Thesis Spotlight: Jonathan Schommer

Author: Sean McGee

Photo of student Jonathan Schommer

Recently I had the opportunity to sit down with Jonathan Schommer, a current ESTEEM student, to discuss his current thesis. Last May Mr. Schommer graduated from Notre Dame with a bachelor's degree in civil engineering and a bachelor's degree in the Program of Liberal Studies. While doing his undergrad, he was heavily involved with Notre Dame's Center for Social Concerns through service-learning programs and service on their student advisory board. Because of this involvement and a senior thesis project working with the group Engineering2Empower, Mr. Schommer is working to improve storm drainage systems for the city of South Bend and beyond.

 

  1. What are the problems surrounding your thesis project and how does your team plan on solving them?
My project seeks to take sustainable water retention technologies and implement them in vacant spaces in cities to reduce the storm water runoff entering the sewer systems. This will have to two-fold benefit of reducing health concerns and fines related to combined sewer overflow (CSO) as well as provide aesthetically attractive landscaping to contribute to community revitalization in areas experiencing urban blight. 
  1. How and why did you get involved in your particular project?
After talking with retired public works director, Gary Gilot, about infrastructural issues in South Bend, the need for a sustainable, integrated planning approach to address the CSO issues in the city became readily apparent. My background in civil engineering and community development are utilized and engaged by this project in an exciting way and I look forward to working with the South Bend community to help make our city a cleaner, more beautiful place.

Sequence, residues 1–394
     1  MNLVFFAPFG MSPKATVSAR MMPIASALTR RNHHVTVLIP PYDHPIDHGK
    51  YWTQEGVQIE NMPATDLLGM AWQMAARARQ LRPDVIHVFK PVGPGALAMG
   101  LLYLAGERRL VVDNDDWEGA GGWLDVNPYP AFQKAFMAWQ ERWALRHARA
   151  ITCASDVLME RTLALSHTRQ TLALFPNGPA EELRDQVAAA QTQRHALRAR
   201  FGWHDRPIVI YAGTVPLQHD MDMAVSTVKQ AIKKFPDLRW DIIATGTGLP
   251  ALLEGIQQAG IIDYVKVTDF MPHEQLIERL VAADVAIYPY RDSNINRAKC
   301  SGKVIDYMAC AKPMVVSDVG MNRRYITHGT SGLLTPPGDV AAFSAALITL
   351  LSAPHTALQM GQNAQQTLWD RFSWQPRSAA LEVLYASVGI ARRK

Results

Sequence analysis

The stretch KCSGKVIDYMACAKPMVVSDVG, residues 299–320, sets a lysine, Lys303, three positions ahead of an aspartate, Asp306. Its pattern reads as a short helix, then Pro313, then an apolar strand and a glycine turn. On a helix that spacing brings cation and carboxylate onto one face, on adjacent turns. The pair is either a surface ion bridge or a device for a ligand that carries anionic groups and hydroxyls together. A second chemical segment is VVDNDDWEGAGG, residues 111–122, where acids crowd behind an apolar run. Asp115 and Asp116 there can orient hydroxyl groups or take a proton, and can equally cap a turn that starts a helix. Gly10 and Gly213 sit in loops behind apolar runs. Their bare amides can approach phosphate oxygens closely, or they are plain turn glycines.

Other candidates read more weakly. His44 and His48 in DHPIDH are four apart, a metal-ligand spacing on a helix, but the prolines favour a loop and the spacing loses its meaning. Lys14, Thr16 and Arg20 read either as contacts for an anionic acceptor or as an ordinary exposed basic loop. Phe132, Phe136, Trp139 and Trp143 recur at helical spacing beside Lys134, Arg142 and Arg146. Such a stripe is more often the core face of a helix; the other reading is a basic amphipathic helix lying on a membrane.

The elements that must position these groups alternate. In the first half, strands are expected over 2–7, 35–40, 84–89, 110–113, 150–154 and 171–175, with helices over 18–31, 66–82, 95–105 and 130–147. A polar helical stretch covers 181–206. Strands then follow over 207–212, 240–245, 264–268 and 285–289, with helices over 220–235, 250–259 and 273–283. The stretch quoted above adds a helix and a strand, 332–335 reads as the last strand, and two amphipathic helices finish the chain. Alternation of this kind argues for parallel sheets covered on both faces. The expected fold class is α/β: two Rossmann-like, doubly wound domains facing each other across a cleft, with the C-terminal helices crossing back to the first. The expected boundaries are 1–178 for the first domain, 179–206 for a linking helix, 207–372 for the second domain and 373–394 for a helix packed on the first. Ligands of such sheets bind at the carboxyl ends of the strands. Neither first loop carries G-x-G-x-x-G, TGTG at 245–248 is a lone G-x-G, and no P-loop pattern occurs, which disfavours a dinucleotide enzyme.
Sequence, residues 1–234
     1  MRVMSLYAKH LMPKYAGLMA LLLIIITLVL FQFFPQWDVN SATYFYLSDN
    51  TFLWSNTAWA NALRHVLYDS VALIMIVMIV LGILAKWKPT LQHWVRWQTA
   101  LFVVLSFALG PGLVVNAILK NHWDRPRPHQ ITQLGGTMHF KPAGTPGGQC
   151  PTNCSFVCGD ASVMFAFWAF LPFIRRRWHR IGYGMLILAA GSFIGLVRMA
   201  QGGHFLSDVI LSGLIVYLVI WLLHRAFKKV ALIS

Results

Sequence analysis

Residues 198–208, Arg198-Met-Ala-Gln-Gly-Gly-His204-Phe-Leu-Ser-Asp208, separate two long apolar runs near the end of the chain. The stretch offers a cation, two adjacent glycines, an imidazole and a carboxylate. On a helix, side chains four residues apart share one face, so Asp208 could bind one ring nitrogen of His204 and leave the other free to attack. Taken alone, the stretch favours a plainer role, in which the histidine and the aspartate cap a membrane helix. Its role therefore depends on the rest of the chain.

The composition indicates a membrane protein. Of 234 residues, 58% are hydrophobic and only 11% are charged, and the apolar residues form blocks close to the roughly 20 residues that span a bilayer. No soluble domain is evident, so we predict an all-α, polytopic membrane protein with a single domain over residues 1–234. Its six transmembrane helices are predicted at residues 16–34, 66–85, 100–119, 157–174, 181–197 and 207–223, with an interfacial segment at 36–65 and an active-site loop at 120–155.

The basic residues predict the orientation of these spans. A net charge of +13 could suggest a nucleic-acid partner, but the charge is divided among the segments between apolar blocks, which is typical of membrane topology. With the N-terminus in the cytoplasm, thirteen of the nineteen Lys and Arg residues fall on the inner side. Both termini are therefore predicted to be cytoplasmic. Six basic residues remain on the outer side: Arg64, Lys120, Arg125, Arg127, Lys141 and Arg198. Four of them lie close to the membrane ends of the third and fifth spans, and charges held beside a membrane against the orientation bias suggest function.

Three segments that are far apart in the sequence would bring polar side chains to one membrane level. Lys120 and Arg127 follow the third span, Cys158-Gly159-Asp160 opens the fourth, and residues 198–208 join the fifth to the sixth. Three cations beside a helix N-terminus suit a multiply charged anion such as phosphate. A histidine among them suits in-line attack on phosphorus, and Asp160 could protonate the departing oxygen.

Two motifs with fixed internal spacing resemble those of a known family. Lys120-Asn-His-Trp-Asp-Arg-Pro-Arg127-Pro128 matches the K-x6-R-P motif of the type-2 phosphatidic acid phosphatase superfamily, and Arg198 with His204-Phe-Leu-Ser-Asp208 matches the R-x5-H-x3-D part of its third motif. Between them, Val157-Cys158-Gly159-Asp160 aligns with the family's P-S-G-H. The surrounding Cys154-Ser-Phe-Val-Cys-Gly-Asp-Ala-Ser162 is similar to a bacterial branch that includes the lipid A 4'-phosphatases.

1. What part do you play in your project outside of your academic work?
I am the founder of the project and plan to continue work on this after graduation.
  1. What has been your favorite part about your work?
I love how this project addresses a practical infrastructure and cost issue with a system that has a positive impact on the environment and the people in a community.
  1. Is there anything else you think would be good to mention about this project?
It is also exciting to think about the scalability of this project, if it works in South Bend, there are over 700 cities across the US that are dealing with similar problems and looking for ways to address CSO issues with sustainable infrastructure.